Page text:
DATAMATH CALCULATOR MUSEUM
Canon Canola L100A
|Date of introduction:||1971||Display technology:||Panaplex|
|New price:||Display size:||12|
|Size:|| 8.0" x 6.5" x 2.6"
202 x 164 x 66 mm3
|Weight:||3.1 ounces, 1266 grams||Serial No:||300657|
|Batteries:||n.a.||Date of manufacture:||year 1971|
|AC-Adapter:||220V||Origin of manufacture:||Japan|
|Precision:||10||Integrated circuits:||TMC1824, TMC1825|
|Program steps:||Courtesy of:||Joerg Woerner|
Canon Canola L100A preceded the first desktop calculator manufactured by Texas
Instruments - the TI-3000 - about one
year. The external design of both is very similar, the differences are internal.
Instead of the later single-chip calculator electronics found in the TI-3000 and its sibling TI-3500 the L100A uses two chips. The display module is very similar to the later Panaplex™ manufactured by Burroughs found in the TI desktop calculators. The high-voltage drivers needed in this design reside in the black modules (6248 for the digits and 6249 for the segments) between the calculating circuits and the display.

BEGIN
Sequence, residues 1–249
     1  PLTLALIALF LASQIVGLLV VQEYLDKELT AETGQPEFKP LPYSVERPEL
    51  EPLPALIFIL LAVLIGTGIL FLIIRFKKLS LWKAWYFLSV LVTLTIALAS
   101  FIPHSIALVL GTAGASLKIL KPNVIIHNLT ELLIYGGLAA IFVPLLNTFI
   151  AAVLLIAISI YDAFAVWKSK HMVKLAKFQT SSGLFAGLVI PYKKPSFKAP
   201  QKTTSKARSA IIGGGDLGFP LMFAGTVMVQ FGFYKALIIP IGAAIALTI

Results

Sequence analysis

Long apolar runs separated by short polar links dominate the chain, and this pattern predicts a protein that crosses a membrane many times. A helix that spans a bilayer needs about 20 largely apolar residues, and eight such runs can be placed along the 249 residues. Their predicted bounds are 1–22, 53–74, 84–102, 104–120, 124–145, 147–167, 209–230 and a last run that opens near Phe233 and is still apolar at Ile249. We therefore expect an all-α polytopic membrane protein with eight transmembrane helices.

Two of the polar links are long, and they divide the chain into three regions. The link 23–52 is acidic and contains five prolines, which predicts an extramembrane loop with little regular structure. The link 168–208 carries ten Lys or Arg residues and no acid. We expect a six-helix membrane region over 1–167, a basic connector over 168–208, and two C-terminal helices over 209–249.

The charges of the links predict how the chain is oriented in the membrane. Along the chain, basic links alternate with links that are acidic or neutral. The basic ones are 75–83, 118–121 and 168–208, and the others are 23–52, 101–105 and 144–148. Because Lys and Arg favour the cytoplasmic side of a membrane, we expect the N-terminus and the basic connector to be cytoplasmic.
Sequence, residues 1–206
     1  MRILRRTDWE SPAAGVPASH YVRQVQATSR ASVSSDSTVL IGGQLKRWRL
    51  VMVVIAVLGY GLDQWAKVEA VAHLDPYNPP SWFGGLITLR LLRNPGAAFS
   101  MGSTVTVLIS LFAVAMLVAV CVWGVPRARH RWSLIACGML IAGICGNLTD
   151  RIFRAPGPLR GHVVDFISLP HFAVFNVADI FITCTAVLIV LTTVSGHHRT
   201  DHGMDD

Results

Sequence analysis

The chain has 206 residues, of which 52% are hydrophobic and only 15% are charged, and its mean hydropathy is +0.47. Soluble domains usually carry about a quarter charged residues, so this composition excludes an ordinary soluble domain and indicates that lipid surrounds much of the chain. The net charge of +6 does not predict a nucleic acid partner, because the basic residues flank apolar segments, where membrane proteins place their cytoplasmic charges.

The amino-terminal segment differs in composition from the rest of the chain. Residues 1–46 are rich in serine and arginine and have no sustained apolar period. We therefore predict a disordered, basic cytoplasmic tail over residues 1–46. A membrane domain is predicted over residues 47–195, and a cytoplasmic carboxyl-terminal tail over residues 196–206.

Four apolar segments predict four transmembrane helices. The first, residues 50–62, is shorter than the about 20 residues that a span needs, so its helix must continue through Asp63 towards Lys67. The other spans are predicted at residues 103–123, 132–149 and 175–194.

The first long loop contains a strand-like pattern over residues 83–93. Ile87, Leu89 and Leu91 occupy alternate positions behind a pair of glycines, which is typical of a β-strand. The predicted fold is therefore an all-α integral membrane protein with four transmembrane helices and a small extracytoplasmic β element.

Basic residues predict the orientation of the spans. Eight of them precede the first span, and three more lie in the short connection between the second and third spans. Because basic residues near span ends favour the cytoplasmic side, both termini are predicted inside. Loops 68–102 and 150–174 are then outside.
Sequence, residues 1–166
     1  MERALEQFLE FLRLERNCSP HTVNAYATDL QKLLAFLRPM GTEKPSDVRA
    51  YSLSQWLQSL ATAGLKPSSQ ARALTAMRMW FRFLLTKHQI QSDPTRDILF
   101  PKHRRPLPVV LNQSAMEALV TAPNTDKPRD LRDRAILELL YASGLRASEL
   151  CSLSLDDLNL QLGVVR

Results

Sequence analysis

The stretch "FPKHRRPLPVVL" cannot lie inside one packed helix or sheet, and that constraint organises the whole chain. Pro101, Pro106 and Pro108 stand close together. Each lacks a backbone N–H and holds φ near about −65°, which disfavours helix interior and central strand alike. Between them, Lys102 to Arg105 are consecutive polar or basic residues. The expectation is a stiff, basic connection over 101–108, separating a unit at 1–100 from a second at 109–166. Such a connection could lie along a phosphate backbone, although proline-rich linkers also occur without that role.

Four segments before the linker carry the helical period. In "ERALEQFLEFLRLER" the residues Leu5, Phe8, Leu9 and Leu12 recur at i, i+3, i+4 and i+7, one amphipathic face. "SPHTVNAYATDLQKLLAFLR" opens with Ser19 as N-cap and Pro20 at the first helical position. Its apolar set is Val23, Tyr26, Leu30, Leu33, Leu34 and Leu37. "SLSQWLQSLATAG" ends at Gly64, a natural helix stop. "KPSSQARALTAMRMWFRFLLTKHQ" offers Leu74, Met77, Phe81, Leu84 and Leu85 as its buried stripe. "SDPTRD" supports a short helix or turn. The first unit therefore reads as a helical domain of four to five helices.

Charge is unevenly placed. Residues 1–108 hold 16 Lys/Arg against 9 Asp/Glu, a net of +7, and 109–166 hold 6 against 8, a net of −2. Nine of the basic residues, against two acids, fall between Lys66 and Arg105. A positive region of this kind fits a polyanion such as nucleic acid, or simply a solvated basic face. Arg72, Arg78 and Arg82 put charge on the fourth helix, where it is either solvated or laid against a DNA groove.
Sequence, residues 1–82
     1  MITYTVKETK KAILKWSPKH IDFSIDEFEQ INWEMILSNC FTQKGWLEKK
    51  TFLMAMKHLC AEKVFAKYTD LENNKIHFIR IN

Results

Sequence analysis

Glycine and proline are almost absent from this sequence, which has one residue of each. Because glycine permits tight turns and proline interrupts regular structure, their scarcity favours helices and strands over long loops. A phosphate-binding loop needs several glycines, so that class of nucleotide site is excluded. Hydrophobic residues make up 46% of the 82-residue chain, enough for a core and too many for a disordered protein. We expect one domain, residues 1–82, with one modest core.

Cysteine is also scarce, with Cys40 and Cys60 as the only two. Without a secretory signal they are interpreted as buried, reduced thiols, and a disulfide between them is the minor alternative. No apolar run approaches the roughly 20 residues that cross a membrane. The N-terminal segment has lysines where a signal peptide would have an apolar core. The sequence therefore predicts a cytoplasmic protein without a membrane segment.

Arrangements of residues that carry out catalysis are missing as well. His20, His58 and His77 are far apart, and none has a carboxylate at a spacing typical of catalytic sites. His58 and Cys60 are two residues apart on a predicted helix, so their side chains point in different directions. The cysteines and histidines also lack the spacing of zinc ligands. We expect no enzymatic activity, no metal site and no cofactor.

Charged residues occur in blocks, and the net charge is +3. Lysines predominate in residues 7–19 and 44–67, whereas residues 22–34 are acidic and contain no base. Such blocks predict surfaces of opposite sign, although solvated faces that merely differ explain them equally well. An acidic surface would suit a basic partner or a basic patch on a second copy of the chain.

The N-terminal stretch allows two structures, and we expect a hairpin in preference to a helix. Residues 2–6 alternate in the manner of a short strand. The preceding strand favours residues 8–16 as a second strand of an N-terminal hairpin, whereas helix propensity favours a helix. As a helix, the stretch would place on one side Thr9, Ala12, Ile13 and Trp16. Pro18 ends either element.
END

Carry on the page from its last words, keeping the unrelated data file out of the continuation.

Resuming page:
In Texas Instrument's history of calculator chips the L100A plays an important role. If you remember the four LSI-circuits of the L100 you will find in the L100A only two chips of a later generation but one step in front of the single-chip calculator chip. The same chip set was used with the wonderful early pocket calculator LE-10 introduced in the same time frame.
Please compare the quick evolution of the calculator technology:
|L100||1971||10||TMC1737, TMC1753, TMC1754, TMC1807|
|L100S||1972||10||TMS0106 single chip|
The next desktop calculator in Canon's line was the L800 sporting the TMS0105 single-chip calculator chip and the somewhat larger L100S using the TMS0106 single-chip calculator chip.
If you have additions to the above article please email: firstname.lastname@example.org.
© Joerg Woerner, December 5, 2001. No reprints without written permission.